Even the borrowing money at sixty per cent. is shillings, and pence.” How heavy this slough not so easy an operation as some people may think, proved, and for how long it was to be borne, is

not unattended with risk and worry, worse even shown by the ominous heading of chapter three than the frightful percentage. When not compelled of the second volume—“ Difficulties — 1835– to take a portion of it in wine or paving-stones, the 1858"—twenty-three years, that is to say, of in- getting the money when you want it is by no means cessant labor and struggle. The precise defects so simple. I remember after a week or two of very in Mathews's character or ability as an adminis- hot weather, and consequent empty benches, I had trator, which led to these difficulties, are not, of occasion to borrow a couple of hundred pounds to course, set forth in these volumes. Probably he patch up the Saturday's treasury. I applied to a was himself unaware of them, and in any case it professional discounter on the Wednesday, is not likely he would have discussed them with

"Ah, Mr. Mathews ! How d'ye do, Mr. Maththe public.

ews ? Glad to see you. Have a glass of sherry?" Theatrical management is one of the uncer

"No, thank you. I want a couple of hundred tain things of the world besides demanding a

pounds to-morrow." special aptitude on the part of those who embark Mathews. How long do you want it for? Have a

Certainly, Mr. Mathews ; with pleasure, Mr. in it. Mathews and his wife (for he married Ma

glass of sherry ?" dame Vestris in 1838) were certainly successful

“Say three months." at the outset, and this success may have en- “What security ?" couraged a policy of laisser-aller. They visited “None." America, leaving the Olympic to shift for itself, “Very good. I must have a warrant of attor. and Madame Vestris on her return was obliged ney." to admit, in addressing her audience, that the “Of course."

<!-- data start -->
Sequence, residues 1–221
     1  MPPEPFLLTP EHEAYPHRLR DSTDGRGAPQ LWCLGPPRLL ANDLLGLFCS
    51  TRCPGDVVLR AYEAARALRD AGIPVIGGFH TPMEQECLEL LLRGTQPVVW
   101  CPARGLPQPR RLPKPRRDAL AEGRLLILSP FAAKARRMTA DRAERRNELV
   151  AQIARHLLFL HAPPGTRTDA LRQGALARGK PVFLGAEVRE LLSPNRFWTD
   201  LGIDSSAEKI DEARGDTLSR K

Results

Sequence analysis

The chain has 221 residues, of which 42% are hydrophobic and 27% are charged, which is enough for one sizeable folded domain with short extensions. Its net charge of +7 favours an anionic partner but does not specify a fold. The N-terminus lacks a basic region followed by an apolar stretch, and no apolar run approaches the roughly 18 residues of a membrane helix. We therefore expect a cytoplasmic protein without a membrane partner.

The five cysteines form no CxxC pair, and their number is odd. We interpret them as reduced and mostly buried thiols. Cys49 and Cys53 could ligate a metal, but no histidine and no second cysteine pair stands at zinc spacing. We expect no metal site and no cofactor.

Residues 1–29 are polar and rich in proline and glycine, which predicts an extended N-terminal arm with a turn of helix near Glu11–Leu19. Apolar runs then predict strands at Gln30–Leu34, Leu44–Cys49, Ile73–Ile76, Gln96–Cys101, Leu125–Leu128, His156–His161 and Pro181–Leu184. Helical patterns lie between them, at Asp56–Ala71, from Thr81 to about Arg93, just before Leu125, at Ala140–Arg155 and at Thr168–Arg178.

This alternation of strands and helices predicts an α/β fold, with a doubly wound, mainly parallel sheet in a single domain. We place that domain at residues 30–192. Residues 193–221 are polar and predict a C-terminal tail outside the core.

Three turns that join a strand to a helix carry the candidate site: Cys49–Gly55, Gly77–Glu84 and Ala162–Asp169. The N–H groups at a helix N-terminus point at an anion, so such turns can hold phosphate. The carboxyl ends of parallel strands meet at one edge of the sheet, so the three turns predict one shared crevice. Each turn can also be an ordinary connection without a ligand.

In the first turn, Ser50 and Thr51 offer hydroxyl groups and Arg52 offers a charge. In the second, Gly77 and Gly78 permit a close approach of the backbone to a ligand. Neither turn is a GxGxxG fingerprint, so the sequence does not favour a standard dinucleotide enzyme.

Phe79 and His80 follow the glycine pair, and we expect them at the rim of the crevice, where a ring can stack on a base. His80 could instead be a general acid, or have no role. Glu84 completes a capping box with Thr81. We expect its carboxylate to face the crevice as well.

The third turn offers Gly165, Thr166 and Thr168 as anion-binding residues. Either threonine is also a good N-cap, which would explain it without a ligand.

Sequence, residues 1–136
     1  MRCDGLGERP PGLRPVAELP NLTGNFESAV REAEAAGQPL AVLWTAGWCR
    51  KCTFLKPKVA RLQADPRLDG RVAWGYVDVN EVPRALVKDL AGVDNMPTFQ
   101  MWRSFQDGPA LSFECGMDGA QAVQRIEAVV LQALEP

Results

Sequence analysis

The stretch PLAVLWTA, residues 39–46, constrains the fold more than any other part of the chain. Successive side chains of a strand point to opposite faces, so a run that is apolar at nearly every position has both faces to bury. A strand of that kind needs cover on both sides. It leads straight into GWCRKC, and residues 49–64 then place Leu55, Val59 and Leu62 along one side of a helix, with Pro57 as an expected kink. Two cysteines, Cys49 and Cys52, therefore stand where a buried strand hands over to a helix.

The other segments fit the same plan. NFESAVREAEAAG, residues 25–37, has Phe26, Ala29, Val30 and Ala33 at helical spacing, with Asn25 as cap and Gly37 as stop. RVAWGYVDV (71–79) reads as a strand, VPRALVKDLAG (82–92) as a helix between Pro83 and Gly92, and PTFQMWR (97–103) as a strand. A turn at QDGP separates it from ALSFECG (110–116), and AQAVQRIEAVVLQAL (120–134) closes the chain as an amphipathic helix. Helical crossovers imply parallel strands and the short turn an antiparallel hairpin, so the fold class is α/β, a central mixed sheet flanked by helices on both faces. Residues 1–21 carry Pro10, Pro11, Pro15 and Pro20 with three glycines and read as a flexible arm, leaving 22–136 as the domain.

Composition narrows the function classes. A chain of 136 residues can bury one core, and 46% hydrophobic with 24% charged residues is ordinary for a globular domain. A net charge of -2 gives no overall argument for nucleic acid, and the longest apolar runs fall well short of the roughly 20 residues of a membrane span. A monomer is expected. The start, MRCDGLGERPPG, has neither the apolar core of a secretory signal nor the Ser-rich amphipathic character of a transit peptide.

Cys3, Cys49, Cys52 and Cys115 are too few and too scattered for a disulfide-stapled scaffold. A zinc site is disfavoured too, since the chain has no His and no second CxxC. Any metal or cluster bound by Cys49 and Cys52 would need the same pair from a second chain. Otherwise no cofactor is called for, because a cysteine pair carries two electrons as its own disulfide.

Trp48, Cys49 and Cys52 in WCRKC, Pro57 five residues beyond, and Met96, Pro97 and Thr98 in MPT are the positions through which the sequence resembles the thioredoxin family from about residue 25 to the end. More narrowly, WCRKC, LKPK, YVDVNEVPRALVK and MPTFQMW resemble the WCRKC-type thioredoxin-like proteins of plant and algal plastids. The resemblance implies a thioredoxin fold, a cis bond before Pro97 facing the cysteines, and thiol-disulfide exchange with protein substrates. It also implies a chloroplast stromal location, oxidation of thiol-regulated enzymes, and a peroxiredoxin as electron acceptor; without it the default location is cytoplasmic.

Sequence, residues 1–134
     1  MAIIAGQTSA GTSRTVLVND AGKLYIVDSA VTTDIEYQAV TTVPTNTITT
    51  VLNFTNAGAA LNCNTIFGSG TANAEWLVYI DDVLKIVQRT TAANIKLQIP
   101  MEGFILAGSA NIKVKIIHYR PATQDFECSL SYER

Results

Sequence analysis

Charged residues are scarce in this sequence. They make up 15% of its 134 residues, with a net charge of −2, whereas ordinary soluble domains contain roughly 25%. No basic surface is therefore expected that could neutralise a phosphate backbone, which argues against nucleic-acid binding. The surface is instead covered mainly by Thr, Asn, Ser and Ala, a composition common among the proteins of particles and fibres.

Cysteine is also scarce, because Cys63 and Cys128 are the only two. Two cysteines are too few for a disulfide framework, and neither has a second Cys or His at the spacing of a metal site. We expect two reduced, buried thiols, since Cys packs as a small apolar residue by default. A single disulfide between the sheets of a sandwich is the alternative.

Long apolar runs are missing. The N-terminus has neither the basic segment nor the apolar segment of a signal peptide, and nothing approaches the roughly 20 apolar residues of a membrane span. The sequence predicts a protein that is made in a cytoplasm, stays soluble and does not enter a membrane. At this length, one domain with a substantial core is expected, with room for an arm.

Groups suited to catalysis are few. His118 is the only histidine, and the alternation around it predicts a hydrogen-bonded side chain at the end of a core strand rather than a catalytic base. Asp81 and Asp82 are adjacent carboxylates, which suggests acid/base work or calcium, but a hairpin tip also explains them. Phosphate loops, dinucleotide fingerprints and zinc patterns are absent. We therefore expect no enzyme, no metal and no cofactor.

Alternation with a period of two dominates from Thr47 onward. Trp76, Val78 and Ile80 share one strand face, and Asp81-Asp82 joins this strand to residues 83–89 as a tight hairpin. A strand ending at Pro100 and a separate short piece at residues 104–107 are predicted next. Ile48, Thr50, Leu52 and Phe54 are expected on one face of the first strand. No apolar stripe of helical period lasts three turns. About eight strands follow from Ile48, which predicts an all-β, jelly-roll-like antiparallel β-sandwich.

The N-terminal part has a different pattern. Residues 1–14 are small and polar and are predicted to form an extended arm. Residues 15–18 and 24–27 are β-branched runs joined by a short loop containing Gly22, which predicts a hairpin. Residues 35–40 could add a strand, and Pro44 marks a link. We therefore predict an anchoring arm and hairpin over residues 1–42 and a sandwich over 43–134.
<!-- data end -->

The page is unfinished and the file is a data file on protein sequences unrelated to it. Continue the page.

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“All right, Mr. Mathews. Look in at twelve “Yes; but I only get seven pounds odd.” to-morrow and I'll have it ready. Do have a glass “Never mind-keeps all square. Now the hun. of sherry."

dred pounds. Here's a check of Gribble and Com. Without the slightest belief in any such prompti- pany on Lloyd's for twenty-five pounds ten shiltude, I looked in at twelve-one of his great points lings." being to have my carriage drive up to his door as Oh, what's the use of a check at this time of often as possible, that his neighbors might see his night?” importance.

“Good as the bank—same as money—you can "Well, Mr. Mathews, I find I can't manage the pay it as money. Fifty sovereigns makes seventytwo hundred pounds. I can only let you have one five pounds ten shillings, and a ten-pound note makes hundred and fifty. I had no idea I was so short at eighty-five pounds ten shillings. Stay, it ought to my banker's account actually overdrawn. But I've be ninety-five pounds ten shillings. Oh, here's angot a friend to do it for you—it's all the same.” other ten-pound note, I'd forgot. There you are, Sheridan's “ unconscionable dog" of a friend was ninety-five pounds ten shillings. Only wants four always sure to figure in. “He'll be here directly. pounds ten shillings to make up the hundred.—You Bless me! How long he is! Have a glass of sher. haven't got four pounds ten shillings about you, have ry? Are you going back to the theatre ? I'll bring you, Mr. Mathews, you could lend me till the mornhim with me in half an hour."